Oh, this is a clever, clever game. It may not have the immediate, explosive impact of Uncharted 2, the beautifully manicured cut-scenes of MGS4, or the insane depth of Fallout 3, but in terms of the way it hooks you in and delivers its epic story of conspiracy, betrayal and love, Assassin's Creed 2 is unmatched - not even by GTA IV. Now, once you've finished reeling in puzzlement and disbelief, read on and we'll tell you why that is.
It starts at the end: of the first game that is. Desmond Miles is stood in his cell at Abstergo, staring the strange glyphs left on his wall by the mysterious Subject 16. If you didn't play the original - don't worry - there's a recap of what happened, done as a flashback (or you can check out Assassin's Creed: Explained). He's forced back into the Animus by Lucy where he synchronises with the memory of new character, and star of the show, Ezio. This first scene sees Ezio being born and your first action as the player is to wiggle his limbs with the face buttons.
X controls your legs, square your right arm, cirlce the left, and triangle your head. Why are we discussing the movements of a baby in such bizarre detail? Because these buttons directly translate to all your abilities later in the game. So, X is run (legs), square is action (assassinate etc.), circle handles your secondary hand actions (interacting with objects) and triangle handles targeting and eagle vision. It's a simple trick, but right from the off it makes you feel part of Ezio, engaged with his story.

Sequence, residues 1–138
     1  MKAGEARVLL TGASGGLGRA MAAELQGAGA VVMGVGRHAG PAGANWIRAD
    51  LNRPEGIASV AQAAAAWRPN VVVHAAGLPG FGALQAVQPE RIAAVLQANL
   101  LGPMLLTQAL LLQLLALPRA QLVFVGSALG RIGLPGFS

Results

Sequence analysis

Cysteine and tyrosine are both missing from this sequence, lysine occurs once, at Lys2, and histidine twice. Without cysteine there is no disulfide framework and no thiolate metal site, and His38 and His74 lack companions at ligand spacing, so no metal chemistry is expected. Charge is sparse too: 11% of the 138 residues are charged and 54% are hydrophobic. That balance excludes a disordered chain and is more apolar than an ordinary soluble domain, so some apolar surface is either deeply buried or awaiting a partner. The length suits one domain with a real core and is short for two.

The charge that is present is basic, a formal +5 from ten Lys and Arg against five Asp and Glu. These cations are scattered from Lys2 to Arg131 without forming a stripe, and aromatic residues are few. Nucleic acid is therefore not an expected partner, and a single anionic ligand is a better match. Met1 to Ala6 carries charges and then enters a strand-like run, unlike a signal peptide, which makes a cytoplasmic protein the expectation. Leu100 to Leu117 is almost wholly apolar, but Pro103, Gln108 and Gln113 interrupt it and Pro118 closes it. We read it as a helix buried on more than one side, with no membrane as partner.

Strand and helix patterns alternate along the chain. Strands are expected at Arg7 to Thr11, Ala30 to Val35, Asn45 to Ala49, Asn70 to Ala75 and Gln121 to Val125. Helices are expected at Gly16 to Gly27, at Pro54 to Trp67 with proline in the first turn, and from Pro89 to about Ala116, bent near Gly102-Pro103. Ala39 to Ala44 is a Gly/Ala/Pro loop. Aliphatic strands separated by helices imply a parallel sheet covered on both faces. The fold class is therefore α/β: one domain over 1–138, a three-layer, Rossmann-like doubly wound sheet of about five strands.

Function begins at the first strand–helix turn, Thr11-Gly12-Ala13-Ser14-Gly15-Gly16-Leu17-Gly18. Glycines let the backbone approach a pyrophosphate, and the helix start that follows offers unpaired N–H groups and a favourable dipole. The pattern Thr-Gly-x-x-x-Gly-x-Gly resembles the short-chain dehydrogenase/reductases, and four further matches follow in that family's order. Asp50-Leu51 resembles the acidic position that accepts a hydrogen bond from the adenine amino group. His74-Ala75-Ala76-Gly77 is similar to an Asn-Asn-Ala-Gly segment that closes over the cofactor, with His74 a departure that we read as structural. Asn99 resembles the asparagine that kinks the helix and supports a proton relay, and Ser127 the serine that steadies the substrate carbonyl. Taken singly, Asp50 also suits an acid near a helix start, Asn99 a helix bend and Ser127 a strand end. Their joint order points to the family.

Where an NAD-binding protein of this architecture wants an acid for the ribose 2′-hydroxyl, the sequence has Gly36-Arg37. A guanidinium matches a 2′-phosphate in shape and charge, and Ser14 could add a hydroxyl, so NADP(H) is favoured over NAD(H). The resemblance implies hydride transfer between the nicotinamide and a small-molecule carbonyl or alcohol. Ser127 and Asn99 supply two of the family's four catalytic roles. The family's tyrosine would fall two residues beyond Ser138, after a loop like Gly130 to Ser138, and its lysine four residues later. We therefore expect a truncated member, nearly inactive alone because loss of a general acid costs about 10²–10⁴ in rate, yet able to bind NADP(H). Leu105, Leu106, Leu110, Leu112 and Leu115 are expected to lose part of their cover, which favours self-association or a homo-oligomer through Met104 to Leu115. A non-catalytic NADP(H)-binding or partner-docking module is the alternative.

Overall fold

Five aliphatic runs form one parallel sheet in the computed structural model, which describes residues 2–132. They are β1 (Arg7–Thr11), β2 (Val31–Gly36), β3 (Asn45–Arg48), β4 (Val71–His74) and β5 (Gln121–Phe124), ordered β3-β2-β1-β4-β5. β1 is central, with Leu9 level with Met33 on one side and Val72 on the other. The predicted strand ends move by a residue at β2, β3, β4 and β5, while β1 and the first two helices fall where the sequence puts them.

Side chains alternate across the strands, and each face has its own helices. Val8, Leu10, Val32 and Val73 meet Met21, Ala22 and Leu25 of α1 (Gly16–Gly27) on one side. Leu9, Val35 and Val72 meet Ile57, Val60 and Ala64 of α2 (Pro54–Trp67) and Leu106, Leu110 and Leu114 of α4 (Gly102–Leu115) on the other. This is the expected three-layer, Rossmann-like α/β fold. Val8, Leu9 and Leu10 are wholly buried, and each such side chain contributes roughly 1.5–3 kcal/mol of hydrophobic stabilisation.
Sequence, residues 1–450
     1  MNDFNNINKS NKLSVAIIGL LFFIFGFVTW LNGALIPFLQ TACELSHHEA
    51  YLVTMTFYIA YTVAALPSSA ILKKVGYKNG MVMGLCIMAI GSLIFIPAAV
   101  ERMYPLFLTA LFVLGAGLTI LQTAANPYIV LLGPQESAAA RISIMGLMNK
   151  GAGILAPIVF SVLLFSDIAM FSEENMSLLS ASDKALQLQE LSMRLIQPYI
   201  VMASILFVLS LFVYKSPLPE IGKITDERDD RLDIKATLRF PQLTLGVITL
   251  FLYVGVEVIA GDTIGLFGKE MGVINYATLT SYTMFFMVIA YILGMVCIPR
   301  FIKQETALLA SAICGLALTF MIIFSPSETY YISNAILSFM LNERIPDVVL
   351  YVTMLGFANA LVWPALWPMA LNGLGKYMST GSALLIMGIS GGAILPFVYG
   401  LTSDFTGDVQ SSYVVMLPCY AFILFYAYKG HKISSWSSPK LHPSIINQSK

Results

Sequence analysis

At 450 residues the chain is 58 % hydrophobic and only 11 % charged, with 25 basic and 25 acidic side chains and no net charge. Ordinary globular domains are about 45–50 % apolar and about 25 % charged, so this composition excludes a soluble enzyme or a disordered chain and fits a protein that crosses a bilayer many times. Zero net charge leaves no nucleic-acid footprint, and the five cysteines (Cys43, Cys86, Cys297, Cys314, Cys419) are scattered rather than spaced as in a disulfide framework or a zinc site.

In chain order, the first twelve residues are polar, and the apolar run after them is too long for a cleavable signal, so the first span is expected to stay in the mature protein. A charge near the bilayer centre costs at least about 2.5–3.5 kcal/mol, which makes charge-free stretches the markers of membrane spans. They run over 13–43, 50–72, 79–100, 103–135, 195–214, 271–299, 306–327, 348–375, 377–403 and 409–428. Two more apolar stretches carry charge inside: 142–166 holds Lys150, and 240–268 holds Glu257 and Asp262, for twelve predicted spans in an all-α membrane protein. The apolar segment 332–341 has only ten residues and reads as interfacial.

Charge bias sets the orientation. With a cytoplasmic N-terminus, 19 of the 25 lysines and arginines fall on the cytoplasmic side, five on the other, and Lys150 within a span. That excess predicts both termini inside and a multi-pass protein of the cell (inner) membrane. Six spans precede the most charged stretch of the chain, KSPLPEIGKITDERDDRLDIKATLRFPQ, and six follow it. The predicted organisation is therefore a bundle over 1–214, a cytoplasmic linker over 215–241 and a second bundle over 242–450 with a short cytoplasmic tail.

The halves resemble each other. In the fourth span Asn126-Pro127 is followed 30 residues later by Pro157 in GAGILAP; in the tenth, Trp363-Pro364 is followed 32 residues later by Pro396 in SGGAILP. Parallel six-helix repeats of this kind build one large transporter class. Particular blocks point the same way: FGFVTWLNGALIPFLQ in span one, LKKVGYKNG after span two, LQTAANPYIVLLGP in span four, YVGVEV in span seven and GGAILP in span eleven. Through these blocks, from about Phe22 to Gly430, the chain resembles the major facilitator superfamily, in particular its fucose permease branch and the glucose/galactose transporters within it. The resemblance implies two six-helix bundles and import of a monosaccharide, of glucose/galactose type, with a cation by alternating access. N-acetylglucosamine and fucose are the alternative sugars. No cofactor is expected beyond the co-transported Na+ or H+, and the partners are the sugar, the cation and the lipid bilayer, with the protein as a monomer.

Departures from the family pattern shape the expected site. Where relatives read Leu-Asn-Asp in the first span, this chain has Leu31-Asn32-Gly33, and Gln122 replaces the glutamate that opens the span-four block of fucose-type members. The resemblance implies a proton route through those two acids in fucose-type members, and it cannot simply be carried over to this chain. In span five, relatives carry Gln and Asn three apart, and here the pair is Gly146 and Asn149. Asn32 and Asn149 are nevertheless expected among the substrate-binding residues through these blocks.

This level of smart presentation and clever little narrative tricks continues throughout the rest of the 30 hour game. Amazingly we didn't find one wobbly moment where immersion was sacrificed for a convenient gaming mechanic, or an inconsistent plot device. Everything in Ezio's (and Desmond's) world feels natural, even the voice acting - no rubbish accents here - and plot lines are largely free from the usual ham and madness that runs through games. However, what really impresses is the way Assassin's Creed 2 puts it all together and weaves this world in with the action.
birth of Ezio inside the Animus, Desmond and Lucy flee the Abstergo building. Here we're treated to our first taste of combat, as the pair punch, kick and headbutt their way through a shambling selection of guards to reach the underground car park and freedom. The simple combos feel satisfying and brutal.
One quick cut-scene later and Desmond is rubbing shoulders with a new cast of friendly characters and being ushered into a modified version of the Animus where the game begins in earnest. Ezio is now a young man leading a bunch of friends and followers across the Ponte Veccio in Florence to start a fight with a rival family. It starts with boyish name-calling, escalates with stone throwing and culminates in a bloody brawl where you learn the basics of fist-fighting. But hang on a minute: haven't we already done scrapping when Desmond left Abstergo? Yes, but now we're in the Animus. We have a HUD, we have tutorial pop-ups, we have button prompts: we are Desmond, literally learning to fight as Ezio.
This is the key to AC2's story-telling success. It constantly reminds you that you are a man inside a machine, and feels no shame in giving you intrusive prompts like glowing doors, information flashing up in little boxes, and tingling noises every time you're near a collectible. In fact, it makes an event of these usually mood-killing conventions.
Glowing, collectible glyphs? They are hacked parts of the Animus software left by Subject 16. Loading screens? Here you see the city you're visiting being created building-by-building by the Animus. Intrusive information flashes that pop up whenever Ezio spots a famous landmark? These are snippets of info fed to Desmond by Shaun Hastings, one of the support team, to help him navigate the city.